Wonder what you would find if you frisked the Washington D.C. elites?
Answer: They think differently than the general population.
At least on a few issues… Katrina Trinko – from The Corner – reports:
Washington elites don’t care much for Sarah Palin, according to a Politico poll released today.
Among Washington elites, defined as college grads living in the D.C. metro area in policy or political positions and making $75,000 or more a year, only 11 percent think that Palin is qualified to be president, a steep decrease from the 23 percent nationwide who think she is qualified. And while half of the general population thinks that Palin is a “negative influence” on national politics, a whopping 79 percent of D.C. elites hold that view.
Asked who was most likely to win the GOP nomination in 2012, 30 percent of Washington elites picked Romney, while 11 percent chose Palin. All the other possible nominees, including Newt Gingrich, Mike Huckabee, Tim Pawlenty, John Thune, and Mitch Daniels, were only considered likely by single-digit percentages.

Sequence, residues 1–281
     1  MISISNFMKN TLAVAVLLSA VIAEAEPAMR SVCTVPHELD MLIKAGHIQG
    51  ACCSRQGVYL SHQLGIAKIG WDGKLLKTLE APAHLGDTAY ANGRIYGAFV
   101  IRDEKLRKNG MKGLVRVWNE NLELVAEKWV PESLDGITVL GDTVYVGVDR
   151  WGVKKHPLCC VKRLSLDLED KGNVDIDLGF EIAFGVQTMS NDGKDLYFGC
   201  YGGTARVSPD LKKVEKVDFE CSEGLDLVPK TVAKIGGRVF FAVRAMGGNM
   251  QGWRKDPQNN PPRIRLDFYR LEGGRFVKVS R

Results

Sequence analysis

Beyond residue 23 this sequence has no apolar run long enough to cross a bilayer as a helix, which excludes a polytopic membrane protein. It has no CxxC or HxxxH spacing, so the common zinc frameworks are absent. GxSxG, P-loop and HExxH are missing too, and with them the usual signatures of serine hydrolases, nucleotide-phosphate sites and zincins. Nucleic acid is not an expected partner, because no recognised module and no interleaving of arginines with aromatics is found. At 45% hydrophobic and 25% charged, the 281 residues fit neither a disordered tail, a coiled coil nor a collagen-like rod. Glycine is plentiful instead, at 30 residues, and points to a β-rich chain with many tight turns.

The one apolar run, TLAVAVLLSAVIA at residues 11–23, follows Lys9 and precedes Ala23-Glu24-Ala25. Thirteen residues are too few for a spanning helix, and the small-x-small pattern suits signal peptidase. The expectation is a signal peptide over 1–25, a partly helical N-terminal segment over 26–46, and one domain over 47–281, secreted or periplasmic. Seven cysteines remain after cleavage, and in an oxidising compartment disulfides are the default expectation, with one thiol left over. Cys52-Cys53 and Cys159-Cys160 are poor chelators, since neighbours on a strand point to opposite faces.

The elites also don’t think that the Tea Party will endure. While only 28 percent of the general population agreed that “the Tea Party movement is a fad – it will go away soon enough,” that percentage agreeing with the statement skyrocketed to 70 percent among Washington elites.
Although Sarah Palin is not my choice as a potential candidate for 2012, I thought the difference between the Washington D.C. elites and the general population’s opinion on whether or not she is qualified to be president was interesting. A twelve point gap is pretty huge…
When asked who was most likely to win the Republican nomination in 2012, 30 percent of Washington elites picked Mitt Romney. This did not shock me at all, because Washington D.C. loves their moderate politicians. After all, in my opinion, Romney is just another well rehearsed politician that would end up swimming in the center as a moderate if he won in 2012.
As of right now, my potential candidates in 2012 are Tim Pawlenty, Mitch Daniels, and Newt Gingrich.
On the subject of the Tea Party movement disappearing, I do not see that happening. If it does, it won’t be until after the 2012 election. Right now, too many Americans are upset about the radical agenda that President Obama and the Democrats have embraced.